Michelle Obama-The powerful lady

Spintharus  michelleobamaae, a "smiley-faced" spider, is named after the former U.S. First Lady. She became a role model for women and an advocate for healthy families, service members and their families. Michelle Obama’s journey began in the South Side of Chicago, where Fraser and Marian Robinson instilled in their daughter a heartfelt commitment to family, hard work, and education. Michelle earned a bachelor’s degree from Princeton University and a juris doctor degree from Harvard Law School. In 1988, she returned to Chicago to join the firm of Sidley Austin. It was there that she met Barack Obama, a summer associate she was assigned to advise. They were married in 1992.

By that time Michelle had turned her energies to public service. She was assistant commissioner of planning and development in Chicago’s City Hall before becoming the founding executive director of the Chicago chapter of Public Allies, an AmeriCorps program that prepares young people for public service. In 1996, she joined the University of Chicago as associate dean of student services, where she developed the university’s first community service program. In 2002, she went to work for the University of Chicago Medical Center, where in 2005 she became the vice president of community and external affairs. Worldwide, she championed the education of girls and women. In a commencement address at the City College of New York she told graduates, “Never view your challenges as obstacles.”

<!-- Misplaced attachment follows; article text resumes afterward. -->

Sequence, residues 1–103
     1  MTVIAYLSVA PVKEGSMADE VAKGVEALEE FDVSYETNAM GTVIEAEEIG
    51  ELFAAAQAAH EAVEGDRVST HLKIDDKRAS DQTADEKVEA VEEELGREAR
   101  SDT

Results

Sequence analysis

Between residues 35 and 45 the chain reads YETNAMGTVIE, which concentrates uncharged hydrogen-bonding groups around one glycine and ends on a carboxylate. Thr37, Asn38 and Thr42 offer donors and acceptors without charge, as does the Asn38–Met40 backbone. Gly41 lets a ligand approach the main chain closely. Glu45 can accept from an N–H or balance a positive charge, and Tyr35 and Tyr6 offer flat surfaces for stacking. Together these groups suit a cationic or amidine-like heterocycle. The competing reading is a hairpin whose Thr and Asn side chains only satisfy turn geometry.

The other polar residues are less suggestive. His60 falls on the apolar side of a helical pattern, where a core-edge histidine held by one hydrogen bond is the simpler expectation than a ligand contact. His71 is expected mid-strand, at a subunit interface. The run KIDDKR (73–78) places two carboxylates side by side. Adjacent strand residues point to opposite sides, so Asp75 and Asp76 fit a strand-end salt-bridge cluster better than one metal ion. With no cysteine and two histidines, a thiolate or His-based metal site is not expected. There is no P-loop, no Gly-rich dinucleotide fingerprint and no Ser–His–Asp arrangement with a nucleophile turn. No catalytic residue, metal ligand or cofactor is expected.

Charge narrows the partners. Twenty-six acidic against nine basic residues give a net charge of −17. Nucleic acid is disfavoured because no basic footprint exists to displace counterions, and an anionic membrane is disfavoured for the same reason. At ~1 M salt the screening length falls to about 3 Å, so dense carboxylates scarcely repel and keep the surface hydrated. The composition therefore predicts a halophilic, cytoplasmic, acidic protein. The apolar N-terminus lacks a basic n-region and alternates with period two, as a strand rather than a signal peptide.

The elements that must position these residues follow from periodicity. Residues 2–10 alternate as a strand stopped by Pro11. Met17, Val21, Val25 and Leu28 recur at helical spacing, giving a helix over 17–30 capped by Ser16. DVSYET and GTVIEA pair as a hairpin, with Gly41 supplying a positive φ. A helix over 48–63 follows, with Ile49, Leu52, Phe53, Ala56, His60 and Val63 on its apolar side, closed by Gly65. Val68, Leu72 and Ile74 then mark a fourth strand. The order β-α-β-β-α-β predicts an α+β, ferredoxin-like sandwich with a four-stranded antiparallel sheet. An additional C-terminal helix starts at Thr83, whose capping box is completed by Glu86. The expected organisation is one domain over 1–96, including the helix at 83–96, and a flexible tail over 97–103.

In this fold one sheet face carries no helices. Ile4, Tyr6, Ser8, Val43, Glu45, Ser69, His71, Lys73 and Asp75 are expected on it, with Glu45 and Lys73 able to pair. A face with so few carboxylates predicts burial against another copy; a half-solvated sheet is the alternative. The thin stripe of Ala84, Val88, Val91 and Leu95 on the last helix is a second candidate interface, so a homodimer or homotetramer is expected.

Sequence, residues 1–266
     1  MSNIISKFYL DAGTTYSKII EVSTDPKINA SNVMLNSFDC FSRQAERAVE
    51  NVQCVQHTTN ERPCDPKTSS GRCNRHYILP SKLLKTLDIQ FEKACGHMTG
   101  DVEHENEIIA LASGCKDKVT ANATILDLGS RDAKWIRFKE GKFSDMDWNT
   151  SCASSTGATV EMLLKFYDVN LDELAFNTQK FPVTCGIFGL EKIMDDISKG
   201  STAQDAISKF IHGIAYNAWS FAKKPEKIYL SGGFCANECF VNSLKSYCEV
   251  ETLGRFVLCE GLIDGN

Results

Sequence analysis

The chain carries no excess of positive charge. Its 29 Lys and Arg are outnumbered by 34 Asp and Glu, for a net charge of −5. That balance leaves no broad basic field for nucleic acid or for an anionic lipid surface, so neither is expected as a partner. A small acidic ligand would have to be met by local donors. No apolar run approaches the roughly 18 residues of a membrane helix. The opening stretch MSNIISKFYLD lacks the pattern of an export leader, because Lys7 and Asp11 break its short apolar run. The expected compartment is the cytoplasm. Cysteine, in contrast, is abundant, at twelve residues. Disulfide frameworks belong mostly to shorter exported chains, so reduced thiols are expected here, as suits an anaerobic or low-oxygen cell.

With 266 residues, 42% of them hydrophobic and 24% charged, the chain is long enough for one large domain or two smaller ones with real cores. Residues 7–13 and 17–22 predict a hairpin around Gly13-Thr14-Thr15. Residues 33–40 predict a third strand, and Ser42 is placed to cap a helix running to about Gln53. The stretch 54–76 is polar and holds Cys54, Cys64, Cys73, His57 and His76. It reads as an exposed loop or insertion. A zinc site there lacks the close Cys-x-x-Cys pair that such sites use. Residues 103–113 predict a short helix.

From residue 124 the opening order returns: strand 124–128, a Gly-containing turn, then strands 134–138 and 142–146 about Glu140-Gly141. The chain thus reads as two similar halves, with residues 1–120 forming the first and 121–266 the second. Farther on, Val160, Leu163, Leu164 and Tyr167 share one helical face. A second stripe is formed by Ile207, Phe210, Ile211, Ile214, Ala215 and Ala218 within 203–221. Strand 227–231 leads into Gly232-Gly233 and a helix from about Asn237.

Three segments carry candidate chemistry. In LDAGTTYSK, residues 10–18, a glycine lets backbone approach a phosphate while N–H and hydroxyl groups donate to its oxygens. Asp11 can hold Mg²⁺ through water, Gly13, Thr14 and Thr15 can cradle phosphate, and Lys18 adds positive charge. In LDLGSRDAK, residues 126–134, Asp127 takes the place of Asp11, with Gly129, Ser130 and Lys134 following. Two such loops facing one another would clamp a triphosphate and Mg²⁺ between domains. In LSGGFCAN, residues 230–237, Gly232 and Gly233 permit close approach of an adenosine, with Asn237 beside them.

Credit : THE WHITE HOUSE

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Why was Margaret Thatcher prominent in British history?

Margaret Hilda Thatcher was Britain’s first female prime minister and served three consecutive terms in office. She was born on October 13, 1925 in Grantham, England and trained to be a research chemist at Oxford. She later became a barrister and specialized in tax law.

In 1951 she married businessman Denis Thatcher. She became a Member of Parliament in 1959 and led the Conservatives to a decisive victory in 1979. She became the first woman prime minister of the UK that year!

She introduced many reforms, including the privatization of state-owned industries and enacted measures to curb trade unions in Britain. Her leadership during the Falklands War and the subsequent victory of the UK sealed a second term in office for Thatcher, earning her the sobriquet- ‘The Iron Lady’. Her government introduced huge reforms in all sectors and some of them were quite controversial. Thatcher’s extended tenure as PM was very significant in British history.